COVID-19 has changed everything from our jobs to school learning and shopping and how we plan for retirement. The pandemic has created implications for financial planning on critical items, moving them front and center for those saving for retirement and those already retired:
With the Affordable Care Act’s future undecided in the U.S. Supreme Court, American’s who lost their jobs may be without health insurance. The implication of not having health insurance, primarily due to unemployment during COVID-19, creates the risk that retirement accounts will deplete to pay for healthcare. Both health insurance cost increases or unanticipated medical bills will likely impact if the twenty states and President Trump win the lawsuit.
A study by Avalere Health in early 2020 found that 12 million workers are likely to lose employer-based insurance during the pandemic, with a percentage loss of coverage among people of color is double than for white people.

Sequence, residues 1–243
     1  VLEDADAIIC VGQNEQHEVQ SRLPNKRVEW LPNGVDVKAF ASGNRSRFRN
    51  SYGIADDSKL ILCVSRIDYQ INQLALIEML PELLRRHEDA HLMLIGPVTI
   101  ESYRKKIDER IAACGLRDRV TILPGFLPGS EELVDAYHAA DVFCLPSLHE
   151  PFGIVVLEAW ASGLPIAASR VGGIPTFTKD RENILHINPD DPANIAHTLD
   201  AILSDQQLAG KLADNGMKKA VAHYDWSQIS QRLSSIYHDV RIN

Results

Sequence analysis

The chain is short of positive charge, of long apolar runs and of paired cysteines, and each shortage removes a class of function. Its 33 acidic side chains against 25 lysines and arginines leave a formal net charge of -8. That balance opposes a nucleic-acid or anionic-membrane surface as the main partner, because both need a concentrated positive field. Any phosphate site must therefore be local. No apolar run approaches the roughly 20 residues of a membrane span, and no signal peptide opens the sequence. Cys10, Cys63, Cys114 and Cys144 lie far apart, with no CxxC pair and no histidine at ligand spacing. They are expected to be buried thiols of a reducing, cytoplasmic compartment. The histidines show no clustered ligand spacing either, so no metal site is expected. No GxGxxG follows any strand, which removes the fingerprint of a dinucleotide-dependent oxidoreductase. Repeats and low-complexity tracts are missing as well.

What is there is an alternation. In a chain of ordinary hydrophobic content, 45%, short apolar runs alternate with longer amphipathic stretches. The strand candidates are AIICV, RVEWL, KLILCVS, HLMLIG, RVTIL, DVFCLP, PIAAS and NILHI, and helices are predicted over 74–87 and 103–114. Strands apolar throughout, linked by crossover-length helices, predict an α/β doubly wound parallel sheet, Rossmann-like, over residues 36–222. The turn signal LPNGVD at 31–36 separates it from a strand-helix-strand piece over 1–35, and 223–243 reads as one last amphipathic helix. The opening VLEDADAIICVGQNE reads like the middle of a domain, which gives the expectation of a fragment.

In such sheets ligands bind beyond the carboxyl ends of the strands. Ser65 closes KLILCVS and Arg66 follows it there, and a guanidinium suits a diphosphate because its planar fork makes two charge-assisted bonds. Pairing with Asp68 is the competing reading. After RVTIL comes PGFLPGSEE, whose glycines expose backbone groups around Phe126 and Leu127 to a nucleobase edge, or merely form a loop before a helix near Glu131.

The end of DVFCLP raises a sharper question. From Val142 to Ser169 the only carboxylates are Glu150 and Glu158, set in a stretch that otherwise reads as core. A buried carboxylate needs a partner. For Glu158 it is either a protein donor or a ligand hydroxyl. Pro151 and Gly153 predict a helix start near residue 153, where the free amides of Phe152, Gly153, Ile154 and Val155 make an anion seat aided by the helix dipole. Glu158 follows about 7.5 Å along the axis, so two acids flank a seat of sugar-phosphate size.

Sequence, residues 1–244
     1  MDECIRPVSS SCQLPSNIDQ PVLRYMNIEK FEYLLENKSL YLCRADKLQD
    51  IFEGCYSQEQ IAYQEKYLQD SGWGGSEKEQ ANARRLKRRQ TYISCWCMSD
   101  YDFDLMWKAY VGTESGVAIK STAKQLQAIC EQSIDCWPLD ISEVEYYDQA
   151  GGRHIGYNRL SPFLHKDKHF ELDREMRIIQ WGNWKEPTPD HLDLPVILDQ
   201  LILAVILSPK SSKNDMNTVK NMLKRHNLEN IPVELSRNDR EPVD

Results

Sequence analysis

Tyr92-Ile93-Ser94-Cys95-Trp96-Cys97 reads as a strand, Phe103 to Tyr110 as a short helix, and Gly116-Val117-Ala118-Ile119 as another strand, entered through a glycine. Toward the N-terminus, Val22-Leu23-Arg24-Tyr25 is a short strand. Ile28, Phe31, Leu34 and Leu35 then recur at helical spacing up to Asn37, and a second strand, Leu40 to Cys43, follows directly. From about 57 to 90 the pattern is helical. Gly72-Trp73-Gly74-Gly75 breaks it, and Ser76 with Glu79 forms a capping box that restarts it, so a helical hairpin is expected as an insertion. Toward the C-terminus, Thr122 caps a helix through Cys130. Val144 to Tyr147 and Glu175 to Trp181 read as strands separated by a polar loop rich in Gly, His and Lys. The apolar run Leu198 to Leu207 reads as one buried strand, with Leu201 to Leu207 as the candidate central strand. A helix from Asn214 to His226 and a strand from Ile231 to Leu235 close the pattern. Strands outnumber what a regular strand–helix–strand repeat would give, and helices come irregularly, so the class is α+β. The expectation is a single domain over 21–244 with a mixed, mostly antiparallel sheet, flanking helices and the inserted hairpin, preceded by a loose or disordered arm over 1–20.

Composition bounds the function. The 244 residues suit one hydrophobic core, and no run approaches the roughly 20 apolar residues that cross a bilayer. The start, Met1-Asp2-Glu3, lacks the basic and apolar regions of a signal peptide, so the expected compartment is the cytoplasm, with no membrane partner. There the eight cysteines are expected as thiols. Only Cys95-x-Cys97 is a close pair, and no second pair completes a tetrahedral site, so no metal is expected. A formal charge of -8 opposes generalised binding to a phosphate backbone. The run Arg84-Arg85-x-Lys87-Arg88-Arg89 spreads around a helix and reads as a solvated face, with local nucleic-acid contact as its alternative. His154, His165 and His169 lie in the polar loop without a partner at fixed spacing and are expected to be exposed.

For the first time in fifty years, joblessness is higher for those ages 55 and higher due to COVID-19 health risks, layoffs, and terminations relating to business closings. Those facing months of joblessness and who are unable to find work are accessing retirement savings earlier. Additionally, the decision to take social security retirement benefits earlier results in a lower monthly benefit amount.
Retirement portfolios withdraw rates and a low yield environment.
Yields on fixed-income investments such as CDs, bonds, and savings accounts have been low for much of the past decade and may not offset inflation. This rate decline will require investors to save more into fixed-investment vehicles than in past decades to meet their future financial demands.
“It really calls into question what will be a sustainable retirement portfolio withdrawal rate. We’ve never seen this specific confluence of events where we have high valuations on the stock market, coinciding with very low yields on safe securities, so new retirees are coming into a constrained environment from the standpoint of what their portfolios might earn.” – Christine Benz, Morningstar’s Director of Personal Finance.
Meet with a financial professional.
Financial planning is changing and must reflect the present and our future after COVID-19. With so many unknowns, financial planning that prepares you for the future is critical to your financial stability.
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